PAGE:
Gaughan, Boys’ Baseball Set Sights on State Championship Title

The way Gaughan is throwing this season, it comes as no surprise that he is the ace of the staff (photo/ Matt Brownsword).

The way Gaughan is throwing this season, it comes as no surprise that he is the ace of the staff (photo/ Matt Brownsword).

Jake Moser

The way Gaughan is throwing this season, it comes as no surprise that he is the ace of the staff (photo/ Matt Brownsword).
The way Gaughan is throwing this season, it comes as no surprise that he is the ace of the staff (photo/ Matt Brownsword).

Boston Red Sox great Ted Williams once said, “Baseball is the only field of endeavor where a man can succeed three times out of ten and be considered a good performer.”  One of the greatest parts about baseball is the number of times someone can fail and still be considered great.  Think about using a round wooden bat to hit a ball coming at you, often really fast, and trying to hit it square in order to get on base.  It seems almost impossible to do, but professional baseball players are able to do it and the ones who are great do it about 30% of the time.  Ted Williams was able to succeed four times out of ten; he is one of less than twenty people do this and no one has been able to accomplish that feat in nearly seventy years.  The frustration and failure of even the greatest hitters lie in the skill and talent of the man just over sixty feet away—the pitcher.  This season, Walpole High School has found its own maestro on the mound—senior southpaw Michael Gaughan.  Behind Gaughan’s stellar pitching the Rebels baseball squad is currently 6-1, with three of those wins belonging to Gaughan.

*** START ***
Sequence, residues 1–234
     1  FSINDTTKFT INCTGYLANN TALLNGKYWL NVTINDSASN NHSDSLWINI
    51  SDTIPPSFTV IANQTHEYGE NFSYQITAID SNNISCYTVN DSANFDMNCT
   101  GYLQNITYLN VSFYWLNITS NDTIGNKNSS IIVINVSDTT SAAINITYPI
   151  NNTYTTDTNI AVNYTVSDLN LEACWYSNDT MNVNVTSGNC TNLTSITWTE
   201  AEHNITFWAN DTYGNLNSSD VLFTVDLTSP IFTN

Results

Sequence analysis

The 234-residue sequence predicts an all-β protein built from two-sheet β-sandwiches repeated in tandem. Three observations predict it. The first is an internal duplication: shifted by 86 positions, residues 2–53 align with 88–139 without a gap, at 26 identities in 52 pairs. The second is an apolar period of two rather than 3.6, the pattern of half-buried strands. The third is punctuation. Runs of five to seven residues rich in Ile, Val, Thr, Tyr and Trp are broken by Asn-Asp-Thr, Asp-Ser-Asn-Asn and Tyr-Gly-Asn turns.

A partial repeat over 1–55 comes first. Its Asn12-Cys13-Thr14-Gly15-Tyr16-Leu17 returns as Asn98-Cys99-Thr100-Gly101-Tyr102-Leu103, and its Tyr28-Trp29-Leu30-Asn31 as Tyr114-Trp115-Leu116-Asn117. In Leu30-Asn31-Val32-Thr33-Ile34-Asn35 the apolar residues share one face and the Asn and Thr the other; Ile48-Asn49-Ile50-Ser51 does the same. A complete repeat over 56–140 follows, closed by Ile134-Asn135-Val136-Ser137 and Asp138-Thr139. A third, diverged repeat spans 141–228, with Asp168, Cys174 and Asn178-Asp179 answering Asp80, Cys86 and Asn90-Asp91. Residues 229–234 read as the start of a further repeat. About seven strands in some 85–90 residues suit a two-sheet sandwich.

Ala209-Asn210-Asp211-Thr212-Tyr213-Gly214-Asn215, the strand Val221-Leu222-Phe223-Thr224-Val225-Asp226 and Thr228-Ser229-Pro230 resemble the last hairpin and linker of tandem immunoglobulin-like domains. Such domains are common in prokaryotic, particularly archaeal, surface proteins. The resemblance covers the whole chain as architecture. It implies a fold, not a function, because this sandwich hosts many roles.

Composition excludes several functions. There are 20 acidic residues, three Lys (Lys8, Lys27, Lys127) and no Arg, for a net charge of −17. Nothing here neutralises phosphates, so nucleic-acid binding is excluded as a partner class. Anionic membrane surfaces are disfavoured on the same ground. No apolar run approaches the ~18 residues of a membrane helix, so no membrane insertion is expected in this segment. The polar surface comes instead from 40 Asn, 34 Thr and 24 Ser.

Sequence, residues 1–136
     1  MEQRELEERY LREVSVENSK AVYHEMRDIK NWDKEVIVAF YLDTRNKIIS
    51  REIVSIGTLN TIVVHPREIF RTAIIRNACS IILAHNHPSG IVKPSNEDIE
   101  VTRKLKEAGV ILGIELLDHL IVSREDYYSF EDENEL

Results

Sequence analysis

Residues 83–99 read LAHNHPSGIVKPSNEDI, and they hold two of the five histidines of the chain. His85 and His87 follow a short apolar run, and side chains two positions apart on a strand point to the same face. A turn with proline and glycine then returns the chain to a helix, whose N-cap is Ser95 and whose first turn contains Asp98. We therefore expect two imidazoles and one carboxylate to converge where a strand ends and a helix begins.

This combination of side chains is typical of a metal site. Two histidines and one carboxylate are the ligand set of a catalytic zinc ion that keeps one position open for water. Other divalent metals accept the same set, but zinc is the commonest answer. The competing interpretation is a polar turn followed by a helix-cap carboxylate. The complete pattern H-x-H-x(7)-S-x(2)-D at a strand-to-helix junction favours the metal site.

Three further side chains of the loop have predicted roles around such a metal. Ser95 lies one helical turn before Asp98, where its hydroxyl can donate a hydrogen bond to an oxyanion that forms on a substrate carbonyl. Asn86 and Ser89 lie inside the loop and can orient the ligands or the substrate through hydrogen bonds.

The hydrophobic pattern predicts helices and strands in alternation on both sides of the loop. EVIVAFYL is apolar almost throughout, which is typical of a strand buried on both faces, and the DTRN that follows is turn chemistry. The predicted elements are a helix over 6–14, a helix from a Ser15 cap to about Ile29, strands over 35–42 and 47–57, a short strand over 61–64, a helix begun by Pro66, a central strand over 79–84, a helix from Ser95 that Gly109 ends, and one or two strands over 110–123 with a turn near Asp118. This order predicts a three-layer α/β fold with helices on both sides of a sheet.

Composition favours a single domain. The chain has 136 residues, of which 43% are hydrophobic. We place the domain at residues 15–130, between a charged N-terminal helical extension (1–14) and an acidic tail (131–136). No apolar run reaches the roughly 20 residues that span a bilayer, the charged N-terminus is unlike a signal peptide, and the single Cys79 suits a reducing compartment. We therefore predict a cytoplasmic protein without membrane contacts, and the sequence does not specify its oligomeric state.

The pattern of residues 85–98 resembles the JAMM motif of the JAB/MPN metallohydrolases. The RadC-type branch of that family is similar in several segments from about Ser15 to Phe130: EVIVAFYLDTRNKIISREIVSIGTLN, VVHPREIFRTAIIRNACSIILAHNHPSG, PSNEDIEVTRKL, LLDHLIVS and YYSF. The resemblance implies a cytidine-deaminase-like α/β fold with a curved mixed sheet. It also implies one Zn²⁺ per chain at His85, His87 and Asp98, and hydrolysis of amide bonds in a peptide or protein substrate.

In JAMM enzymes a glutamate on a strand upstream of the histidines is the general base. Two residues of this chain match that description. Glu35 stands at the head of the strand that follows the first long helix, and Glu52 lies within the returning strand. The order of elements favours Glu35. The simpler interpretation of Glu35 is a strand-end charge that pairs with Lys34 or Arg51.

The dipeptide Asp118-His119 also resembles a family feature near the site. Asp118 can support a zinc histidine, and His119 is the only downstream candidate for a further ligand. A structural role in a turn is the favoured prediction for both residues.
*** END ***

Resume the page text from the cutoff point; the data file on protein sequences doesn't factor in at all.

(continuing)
To understand why the lefty has become such a force in the Bay State League, a look back at the beginnings of his baseball career is required.  Like many kids his age, Gaughan began his baseball career in the town’s recreational tee ball program; however, his potential did not surface until his career in Little League began.  “As most little kids do I went through tee ball and into Little League but I started to take it a little more seriously when I made the ‘major’ leagues and progressed into AAU.”  For those not familiar with the framework of Little League, the ‘major’ leagues is the alias for the 10-,11-, and 12- year old boys and girls.  Even at such a young age, Gaughan exhibited the talents of a well-rounded ballplayer as a pitcher, hitter, and fielder.  However, by the time he aged out of Little League and entered the Babe Ruth level, Gaughan by his own admission “was no longer a good player.”  Gaughan said,”I had experienced arm problems and was out of shape and had to work my way to being the player that I am today.”  This poor mentality and physical condition by Gaughan did not last long, and by the time he entered Bishop Feehan he was more than ready for greatness.